My thoughts these past weeks have turned to every mother and father who have welcomed a new-born into their lives. Their fears have surely been heightened by the threat to their child coming from the lurking presence of Covid 19. Yet the birth of every child is a statement of protest, of new life to a world that looks as though it is dying. The parents of these new-borns have a right to ask God in faith: “How will our child survive?” Even if an answer does not come to them in black and white, they know that God’s Spirit is ever at work in our world and that God will help them, as the Spirit guided Mary, to find the necessary tenacity, courage and strength to make their way through whatever happens.

As we turn our attention to Christmas, I am reminded of an invitation I once received to join a parish community in Canada as they celebrated the Christmas Vigil Mass in a local farmer’s barn, surrounded by sheep, cows, chickens and the farmyard dogs. It was an attempt to get a feel for the circumstances in which Jesus came into our world. In his homily, the presiding priest referred to a legend that survives in some parts of Canada, and speaks of how, at midnight on Christmas Eve, a spirit of peace comes down on the world and encompasses it so powerfully that even farmyard animals and wild deer and bears fall to their knees in adoration of the child born to Mary. Perhaps that legend either inspired Shakespeare or was derived from words he put into the mouth of Marcellus as he conversed with Horatio and Barnado in Act 1, Scene 1 of Hamlet, after they had encountered the ghost of Hamlet’s father. The ghost disappeared at the sound of a rooster crowing:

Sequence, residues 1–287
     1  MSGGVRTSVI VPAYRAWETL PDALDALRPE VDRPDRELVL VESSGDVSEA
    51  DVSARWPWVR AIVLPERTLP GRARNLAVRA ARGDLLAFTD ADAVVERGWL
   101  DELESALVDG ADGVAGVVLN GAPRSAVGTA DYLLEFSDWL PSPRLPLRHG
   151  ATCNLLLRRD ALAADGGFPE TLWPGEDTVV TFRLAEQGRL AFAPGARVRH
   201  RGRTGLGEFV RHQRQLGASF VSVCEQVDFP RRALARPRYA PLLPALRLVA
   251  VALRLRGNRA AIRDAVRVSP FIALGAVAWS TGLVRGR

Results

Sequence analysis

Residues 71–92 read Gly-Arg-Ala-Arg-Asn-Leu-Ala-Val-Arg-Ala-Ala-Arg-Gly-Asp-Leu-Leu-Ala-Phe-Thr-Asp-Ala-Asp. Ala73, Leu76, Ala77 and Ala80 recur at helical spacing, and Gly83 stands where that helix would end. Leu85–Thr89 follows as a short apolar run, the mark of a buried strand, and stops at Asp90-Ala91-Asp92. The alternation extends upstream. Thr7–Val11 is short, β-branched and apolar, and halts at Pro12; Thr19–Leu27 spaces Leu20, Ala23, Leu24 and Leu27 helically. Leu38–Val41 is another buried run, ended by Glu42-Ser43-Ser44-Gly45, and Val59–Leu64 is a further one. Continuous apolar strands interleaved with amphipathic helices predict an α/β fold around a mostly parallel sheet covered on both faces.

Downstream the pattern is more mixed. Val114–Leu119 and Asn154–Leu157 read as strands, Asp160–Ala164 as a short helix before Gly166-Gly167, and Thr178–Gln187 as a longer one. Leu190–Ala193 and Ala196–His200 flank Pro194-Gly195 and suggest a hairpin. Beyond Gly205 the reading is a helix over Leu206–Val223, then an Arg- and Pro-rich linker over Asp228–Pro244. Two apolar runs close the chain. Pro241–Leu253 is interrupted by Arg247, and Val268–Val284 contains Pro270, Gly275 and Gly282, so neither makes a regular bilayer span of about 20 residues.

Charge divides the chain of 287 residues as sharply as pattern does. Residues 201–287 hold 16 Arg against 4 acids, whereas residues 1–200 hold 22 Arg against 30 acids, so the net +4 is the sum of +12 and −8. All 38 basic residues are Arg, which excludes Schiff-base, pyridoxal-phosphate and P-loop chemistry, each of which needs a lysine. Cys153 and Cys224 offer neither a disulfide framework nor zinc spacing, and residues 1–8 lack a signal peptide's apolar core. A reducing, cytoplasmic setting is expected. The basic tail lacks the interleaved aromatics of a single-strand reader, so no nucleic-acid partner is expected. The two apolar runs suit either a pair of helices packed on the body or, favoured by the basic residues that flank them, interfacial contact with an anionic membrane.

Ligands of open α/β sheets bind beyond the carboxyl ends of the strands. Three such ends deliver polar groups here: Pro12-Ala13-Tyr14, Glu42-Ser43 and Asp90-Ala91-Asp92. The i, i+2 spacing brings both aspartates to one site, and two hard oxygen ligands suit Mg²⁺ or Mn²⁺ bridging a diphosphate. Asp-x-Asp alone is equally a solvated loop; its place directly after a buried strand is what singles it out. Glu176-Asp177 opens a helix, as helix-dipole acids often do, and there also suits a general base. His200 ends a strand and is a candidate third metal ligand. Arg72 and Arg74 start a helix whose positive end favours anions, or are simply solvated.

It faded on the crowing of the cock.
Some say that ever ‘gainst that season comes
Wherein our Saviour’s birth is celebrated,
This bird of dawn singeth all night long,
And then they say no spirit dare stir abroad,
The nights are wholesome, then no planets strike,
No fairy takes, nor witch hath power to charm,
So hallowed, and so gracious, is that time.

Hamlet, Act 1, Sc.1, lines 159-166

Every culture generates legends and myths around the very significant events in its history. The various people of the world have developed their particular cultures, and groups within those cultures grow their sub-cultures. The scouting movement has its distinctive sub-culture. Churches and religious groups also develop their sub-cultures. The birth of Jesus was such a significant event for the world that almost every culture has generated its own legends around it. Matthew and Luke highlighted the birth of Jesus with stories of extraordinary happenings. They gave us angel choirs, shepherds as the first witnesses of Jesus’ birth, and magi who followed a star from the East. Their stories have been the inspiration of countless Christmas carols from all over the world. It matters little whether or not the stories they gave us were based on historical fact. Their message was that the birth of Jesus was the result of Divine intervention, and that Jesus, though human like us, would have an impact on the world like no other, before or after him.

As we celebrate the birth of God among us in the person of Jesus, our celebrations will be empty unless we in our turn become agents of peace and justice, of tolerance and encouragement, of forgiveness, hope and light for everyone we encounter. We send to one another at Christmas all manner of generous, loving and caring messages. Those messages will be meaningless unless we walk our talk and bring it to life in our actions and relating.